“Lighting with an Accent”

By Gabriel I. Alonso  M.Photog.,Cr. CPP

 GabrielAlonso6When I started to get serious about learning lighting techniques, there were never enough ways and lighting devices to incorporate into a lighting scheme.  I would use every light available in the studio.  It took a while to learn how they interact and to use them properly.

Later I went in the opposite direction, swept by a counter-current that took me into minimalism, favoring location environmental and outdoor assignments using available light with supplemental lighting as needed.

Having been at both ends of the spectrum and everywhere in between, now I find myself in control. When preparing for a session, I select the minimum amount of lighting equipment required to accomplish the goal.  I would like to share with you some of the things that I have learned.

The Key and Fill lights are the foundation of every lighting scheme and are ever present. The Key light defines pattern and direction, whereas the Fill light provides basic density and controls contrast. The location of the Fill is preferably on the same side as the Key and close to the camera. When shooting on location or outdoors, available ambient light could be used as the Fill light.

Additional lights are Hair, Background and Accent. Let’s explore these secondary lights briefly. The hair light is one that should be used sparingly since it is very easy to overdo and in my opinion, unless you have someone with very dark hair, unnecessary.

The background type and how you want it to render will dictate whether to light it or not. The Background light will take care of separation without worries of spilling on the subject, except on high key schemes were care should be taken to prevent flare.

Enter my favorite light... The Accent or Kicker light. If I had to only use one type of secondary light, it would be a Kicker light. It serves as a means to deliver depth, bringing three-dimensionality to your portraiture.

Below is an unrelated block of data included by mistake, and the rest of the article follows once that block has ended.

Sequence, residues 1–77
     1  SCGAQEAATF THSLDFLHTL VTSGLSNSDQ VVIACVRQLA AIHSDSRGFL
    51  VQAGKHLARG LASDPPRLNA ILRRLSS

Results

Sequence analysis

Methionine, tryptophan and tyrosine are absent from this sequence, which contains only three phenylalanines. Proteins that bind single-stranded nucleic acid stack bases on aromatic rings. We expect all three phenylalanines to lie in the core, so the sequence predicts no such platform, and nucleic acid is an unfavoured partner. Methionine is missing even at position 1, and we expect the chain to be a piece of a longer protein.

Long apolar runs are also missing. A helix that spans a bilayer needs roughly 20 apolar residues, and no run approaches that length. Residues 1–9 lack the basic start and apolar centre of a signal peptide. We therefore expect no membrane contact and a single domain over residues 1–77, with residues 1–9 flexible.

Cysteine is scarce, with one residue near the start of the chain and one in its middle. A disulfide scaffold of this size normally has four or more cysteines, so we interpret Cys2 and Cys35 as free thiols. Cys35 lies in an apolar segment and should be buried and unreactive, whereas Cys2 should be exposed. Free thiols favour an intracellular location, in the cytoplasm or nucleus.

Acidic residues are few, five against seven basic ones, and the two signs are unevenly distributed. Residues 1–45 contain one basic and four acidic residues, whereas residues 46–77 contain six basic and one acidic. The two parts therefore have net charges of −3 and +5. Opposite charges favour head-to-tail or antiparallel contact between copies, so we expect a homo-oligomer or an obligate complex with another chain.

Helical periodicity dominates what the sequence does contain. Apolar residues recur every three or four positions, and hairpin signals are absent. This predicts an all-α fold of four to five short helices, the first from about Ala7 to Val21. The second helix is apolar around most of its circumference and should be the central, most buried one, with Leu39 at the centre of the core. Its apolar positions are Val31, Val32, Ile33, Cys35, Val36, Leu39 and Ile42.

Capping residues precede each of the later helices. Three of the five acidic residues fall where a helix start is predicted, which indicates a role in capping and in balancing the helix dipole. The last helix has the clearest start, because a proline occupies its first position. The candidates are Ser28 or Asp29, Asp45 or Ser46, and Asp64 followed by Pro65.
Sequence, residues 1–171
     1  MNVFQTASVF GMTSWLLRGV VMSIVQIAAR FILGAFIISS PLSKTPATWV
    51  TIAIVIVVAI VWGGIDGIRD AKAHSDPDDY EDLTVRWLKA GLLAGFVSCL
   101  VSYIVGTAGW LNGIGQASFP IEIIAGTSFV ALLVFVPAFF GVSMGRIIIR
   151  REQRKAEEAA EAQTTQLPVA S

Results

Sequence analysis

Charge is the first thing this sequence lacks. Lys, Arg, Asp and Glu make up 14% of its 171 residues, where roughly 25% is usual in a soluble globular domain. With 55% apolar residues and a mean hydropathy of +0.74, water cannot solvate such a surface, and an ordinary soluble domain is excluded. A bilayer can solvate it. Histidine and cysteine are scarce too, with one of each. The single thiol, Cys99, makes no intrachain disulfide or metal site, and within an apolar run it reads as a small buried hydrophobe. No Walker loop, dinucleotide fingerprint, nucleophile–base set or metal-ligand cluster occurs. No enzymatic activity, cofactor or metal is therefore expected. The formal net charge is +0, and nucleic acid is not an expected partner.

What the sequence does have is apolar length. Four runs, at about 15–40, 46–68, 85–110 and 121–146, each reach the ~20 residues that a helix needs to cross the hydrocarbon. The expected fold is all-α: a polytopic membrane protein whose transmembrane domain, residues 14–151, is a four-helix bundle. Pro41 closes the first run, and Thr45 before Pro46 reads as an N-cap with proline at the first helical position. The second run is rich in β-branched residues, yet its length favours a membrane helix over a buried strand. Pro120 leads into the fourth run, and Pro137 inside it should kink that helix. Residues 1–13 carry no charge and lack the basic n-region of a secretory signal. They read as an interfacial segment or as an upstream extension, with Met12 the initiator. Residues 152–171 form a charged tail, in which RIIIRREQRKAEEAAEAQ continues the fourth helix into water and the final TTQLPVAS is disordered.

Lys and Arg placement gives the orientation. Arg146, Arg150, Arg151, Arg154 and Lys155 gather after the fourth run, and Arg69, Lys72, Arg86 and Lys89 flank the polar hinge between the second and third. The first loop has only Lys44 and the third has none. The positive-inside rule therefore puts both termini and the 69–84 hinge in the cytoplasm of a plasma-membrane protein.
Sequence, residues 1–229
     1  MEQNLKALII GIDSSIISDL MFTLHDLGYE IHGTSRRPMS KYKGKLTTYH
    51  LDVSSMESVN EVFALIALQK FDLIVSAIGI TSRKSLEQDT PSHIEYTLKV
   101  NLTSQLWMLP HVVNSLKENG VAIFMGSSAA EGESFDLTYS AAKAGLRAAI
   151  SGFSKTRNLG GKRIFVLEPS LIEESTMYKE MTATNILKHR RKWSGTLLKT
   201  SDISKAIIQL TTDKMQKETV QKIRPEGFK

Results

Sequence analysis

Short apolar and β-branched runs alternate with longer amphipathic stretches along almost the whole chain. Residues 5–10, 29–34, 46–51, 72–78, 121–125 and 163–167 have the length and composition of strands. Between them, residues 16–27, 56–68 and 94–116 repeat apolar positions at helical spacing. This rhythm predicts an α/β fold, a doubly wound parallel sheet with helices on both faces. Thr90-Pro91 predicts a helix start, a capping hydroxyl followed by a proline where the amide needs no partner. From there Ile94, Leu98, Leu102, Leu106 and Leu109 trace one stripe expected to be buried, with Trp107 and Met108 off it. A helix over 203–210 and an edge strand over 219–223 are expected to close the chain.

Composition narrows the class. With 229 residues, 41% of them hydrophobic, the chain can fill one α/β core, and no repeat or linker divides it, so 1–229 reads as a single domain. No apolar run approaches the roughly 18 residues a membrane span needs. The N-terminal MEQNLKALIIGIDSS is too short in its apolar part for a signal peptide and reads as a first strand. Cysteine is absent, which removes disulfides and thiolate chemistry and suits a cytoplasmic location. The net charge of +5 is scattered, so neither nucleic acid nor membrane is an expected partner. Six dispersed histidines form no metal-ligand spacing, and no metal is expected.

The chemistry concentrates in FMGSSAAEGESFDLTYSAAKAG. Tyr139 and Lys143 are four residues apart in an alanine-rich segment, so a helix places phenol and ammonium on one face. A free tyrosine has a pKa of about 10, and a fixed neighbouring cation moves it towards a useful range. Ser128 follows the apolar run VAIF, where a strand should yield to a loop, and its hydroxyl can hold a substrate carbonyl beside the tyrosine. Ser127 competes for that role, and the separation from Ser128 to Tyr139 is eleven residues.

Photography is a two dimensional medium. There‘s height and width only. The use of an Accent light delivers that needed third dimension and depth.  In traditional portraiture, the proper use of a Kicker light is to position it on the same side as the key light.  

Adding a second Kicker on the opposite side to the Key light is tricky but rewarding. It should be approached just like cooking with garlic: “A little bit goes a long way”. Please refer to the enclosed illustrations for examples of its use. Great depth and roundness can be achieved with the use of a Kicker.

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When studying the portrait work of Yosuf Karsh and Arnold Newman, you will notice ample use of Kicker lights. In many instances, these are used from both sides of the subject to create a dramatic effect.

There is a portrait by Karsh of Fidel Castro in which there is no apparent use of a Key light in the traditional way. Two Kickers actually do the job of the Key light… a very dramatic image indeed!

A simple way to set up the intensity of your lights for most situations is as follows: Set the Key light to the desired F-stop. Next set the Fill light so that you achieve the desired lighting ratio and then, if you are using a Kicker, set it to the same identical output as the fill light. For example: If the Fill light reads f/6.3 at the location of the subject, the Kicker should read f/6.3 as well.

Finally take an overall reading from your subject’s position pointing your meter towards the lens. Use this reading to set the exposure settings in your camera.

You probably have heard the term that a light is hard or soft, etc. The Accent light always looks as if it came from a hard light source. That may not necessarily be the case, as the light quality appears to be specular due to the angle of incidence, even when it originates from a soft source.

In conclusion, if you have not used an accent light before, try it using the instructions above and discover the difference lighting with an accent can bring to your portrait work.


Note: Gabriel operates Gabriel Portraiture in Ft. Worth, Texas.  He is a frequent speaker at regional and state conventions and regional photography schools.  He is well known for his classic style.